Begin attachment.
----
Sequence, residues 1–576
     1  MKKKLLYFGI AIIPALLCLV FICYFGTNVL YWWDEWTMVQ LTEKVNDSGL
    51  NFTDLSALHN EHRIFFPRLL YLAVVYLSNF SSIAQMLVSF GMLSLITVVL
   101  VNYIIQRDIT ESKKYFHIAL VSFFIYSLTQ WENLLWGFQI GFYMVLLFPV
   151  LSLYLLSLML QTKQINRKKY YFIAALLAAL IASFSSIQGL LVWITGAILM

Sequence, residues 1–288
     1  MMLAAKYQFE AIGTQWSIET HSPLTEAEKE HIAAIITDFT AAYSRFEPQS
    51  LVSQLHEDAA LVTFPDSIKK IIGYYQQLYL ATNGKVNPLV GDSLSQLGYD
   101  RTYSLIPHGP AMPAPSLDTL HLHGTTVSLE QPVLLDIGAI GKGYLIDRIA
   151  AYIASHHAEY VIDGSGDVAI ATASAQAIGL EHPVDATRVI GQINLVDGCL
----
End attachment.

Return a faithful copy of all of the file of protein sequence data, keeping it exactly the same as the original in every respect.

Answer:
Sequence, residues 1–576
     1  MKKKLLYFGI AIIPALLCLV FICYFGTNVL YWWDEWTMVQ LTEKVNDSGL
    51  NFTDLSALHN EHRIFFPRLL YLAVVYLSNF SSIAQMLVSF GMLSLITVVL
   101  VNYIIQRDIT ESKKYFHIAL VSFFIYSLTQ WENLLWGFQI GFYMVLLFPV
   151  LSLYLLSLML QTKQINRKKY YFIAALLAAL IASFSSIQGL LVWITGAILM

Sequence, residues 1–288
     1  MMLAAKYQFE AIGTQWSIET HSPLTEAEKE HIAAIITDFT AAYSRFEPQS
    51  LVSQLHEDAA LVTFPDSIKK IIGYYQQLYL ATNGKVNPLV GDSLSQLGYD
   101  RTYSLIPHGP AMPAPSLDTL HLHGTTVSLE QPVLLDIGAI GKGYLIDRIA
   151  AYIASHHAEY VIDGSGDVAI ATASAQAIGL EHPVDATRVI GQINLVDGCL